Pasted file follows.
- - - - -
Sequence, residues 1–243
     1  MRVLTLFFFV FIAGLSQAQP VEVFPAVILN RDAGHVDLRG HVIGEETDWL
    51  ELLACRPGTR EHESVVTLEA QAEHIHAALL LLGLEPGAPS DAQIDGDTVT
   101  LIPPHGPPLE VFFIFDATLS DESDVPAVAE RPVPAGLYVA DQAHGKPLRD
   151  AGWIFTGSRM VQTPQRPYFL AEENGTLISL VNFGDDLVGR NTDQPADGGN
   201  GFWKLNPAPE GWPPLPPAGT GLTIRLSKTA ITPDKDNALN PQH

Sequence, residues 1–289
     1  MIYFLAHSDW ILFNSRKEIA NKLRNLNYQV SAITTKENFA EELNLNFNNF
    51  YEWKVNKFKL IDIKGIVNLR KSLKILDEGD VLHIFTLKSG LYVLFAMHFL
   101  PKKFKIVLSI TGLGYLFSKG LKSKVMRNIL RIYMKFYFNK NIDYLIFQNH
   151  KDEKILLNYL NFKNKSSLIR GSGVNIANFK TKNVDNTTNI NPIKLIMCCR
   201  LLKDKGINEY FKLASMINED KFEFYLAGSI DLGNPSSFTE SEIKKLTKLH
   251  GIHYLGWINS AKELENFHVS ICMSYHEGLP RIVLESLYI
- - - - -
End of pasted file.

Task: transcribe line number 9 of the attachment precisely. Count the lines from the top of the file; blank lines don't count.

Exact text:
    51  YEWKVNKFKL IDIKGIVNLR KSLKILDEGD VLHIFTLKSG LYVLFAMHFL